BRIGANTINE — The future of the city's public safety director will be decided by voters this spring as City Council rejected an ordinance Wednesday to eliminate the controversial position.
A citizens petition signed by the necessary 15 percent of voters in November's election brought the measure before council. Next, the issue will go to a special election.
Solicitor Fred Scerni said the city will have 10 days to make any changes to the ordinance and possibly approve it. After that period, he said, Brigantine will have a 40- to 60-day window in which to hold the election.
As of Tuesday, City Clerk Lynn Sweeney said she had not received an estimate for the cost of such an election. Recent special elections considered by Millville and Wildwood would cost those towns an estimated $60,000 and $25,000, respectively.
Wednesday's vote followed a similar measure proposed last month by Mayor Phil Guenther and Councilman Andrew Simpson, both Republicans. Both measures failed by a 5-2 margin, with the recently elected Democratic majority voting to keep the interim public safety director.
While the public safety director position has long been a part of the city's code, it drew the ire of many in the beach resort when Dan Howard was appointed to fill the position in June after chiefs’ positions in the departments of beach patrol, fire and police were left vacant. City officials said Howard's position would be an interim measure while they considered their options for the leadership of those departments, but no firm decision has been made since.
Budget concerns have played a large part of the controversy. Labor costs account for about two-thirds of Brigantine's budget, and the city has been in the midst of fraught contract negotiations with each of the departments' labor unions.
Council deliberated Wednesday in front of a crowd of about 50, who spoke out both in favor and in opposition of the public safety director position. The issue has been a controversial one, factoring into a previous failed petition that would have proposed changing the city's form of government.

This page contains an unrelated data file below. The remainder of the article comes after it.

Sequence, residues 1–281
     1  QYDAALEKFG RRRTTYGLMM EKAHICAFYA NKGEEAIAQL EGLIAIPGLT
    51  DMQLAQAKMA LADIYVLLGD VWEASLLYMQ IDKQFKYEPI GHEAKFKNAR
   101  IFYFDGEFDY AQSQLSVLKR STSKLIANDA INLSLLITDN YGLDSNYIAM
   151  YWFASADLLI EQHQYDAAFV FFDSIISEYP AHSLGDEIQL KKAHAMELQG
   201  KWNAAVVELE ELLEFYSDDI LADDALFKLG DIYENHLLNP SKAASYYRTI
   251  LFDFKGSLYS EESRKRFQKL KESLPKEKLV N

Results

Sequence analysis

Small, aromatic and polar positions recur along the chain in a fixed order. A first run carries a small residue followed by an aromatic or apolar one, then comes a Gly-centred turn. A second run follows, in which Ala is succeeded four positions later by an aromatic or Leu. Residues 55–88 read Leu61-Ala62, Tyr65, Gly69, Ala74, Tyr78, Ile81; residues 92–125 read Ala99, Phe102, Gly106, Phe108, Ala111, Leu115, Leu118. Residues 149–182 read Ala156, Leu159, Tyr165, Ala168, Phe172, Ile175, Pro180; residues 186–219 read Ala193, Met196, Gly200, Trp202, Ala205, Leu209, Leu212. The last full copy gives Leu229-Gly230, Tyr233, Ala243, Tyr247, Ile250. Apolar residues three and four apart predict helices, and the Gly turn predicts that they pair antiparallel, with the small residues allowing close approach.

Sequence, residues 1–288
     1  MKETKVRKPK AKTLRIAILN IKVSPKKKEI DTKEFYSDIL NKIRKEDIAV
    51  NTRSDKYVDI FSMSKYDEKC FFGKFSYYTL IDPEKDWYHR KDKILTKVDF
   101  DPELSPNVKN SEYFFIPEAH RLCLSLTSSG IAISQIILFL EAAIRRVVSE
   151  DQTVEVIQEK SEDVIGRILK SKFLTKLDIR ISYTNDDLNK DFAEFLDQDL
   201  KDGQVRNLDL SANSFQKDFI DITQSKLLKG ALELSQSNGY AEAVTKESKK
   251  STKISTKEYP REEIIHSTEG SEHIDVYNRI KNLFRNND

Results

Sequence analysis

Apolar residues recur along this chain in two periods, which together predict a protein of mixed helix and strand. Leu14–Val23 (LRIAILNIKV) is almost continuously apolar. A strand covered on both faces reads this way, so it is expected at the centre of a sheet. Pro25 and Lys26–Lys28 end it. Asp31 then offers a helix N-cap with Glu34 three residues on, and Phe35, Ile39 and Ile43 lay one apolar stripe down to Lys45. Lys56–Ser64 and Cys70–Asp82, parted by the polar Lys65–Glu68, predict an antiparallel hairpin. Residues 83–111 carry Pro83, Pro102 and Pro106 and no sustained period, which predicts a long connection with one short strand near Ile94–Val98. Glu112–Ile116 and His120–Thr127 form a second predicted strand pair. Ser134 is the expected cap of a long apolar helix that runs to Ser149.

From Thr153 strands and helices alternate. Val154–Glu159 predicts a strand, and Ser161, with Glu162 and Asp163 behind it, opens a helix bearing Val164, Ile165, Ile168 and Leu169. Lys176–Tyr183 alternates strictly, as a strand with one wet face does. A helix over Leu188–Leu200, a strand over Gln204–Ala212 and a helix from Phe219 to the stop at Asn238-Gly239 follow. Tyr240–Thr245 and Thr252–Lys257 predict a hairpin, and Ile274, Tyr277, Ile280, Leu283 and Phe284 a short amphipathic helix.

The Democrats who opposed the ordinance said they had been elected by a majority of the city in order to reign in expenses. So far, they said, Howard has done just that.
"I cannot support an ordinance that would take us backward instead of forward," Democratic Councilman Frank Kern said.
Councilman Tony Pullella, also a Democrat, said he, like most of council, supports bringing back chiefs but believes the ordinance would tie the hands of the City Manager Jennifer Blumenthal in how she manages the city.
Instead, he said, the city needs to find leaders within the departments who will work with the city to make sure services are provided efficiency.
"I don't believe in chiefs by succession," Pullella said.
The same sentiment was echoed by Democratic Councilman Rick DeLucry, who added that the fire department in particular has resisted the changes necessary to make the city more fiscally solvent.
Guenther, the Republican mayor, said he has not supported the concept of a public safety director and worries the city could end up paying for his salary, currently $70,000, and permanent chiefs.
"This is about negotiating in good faith (and) moving forward with contracts that make sense," he said.
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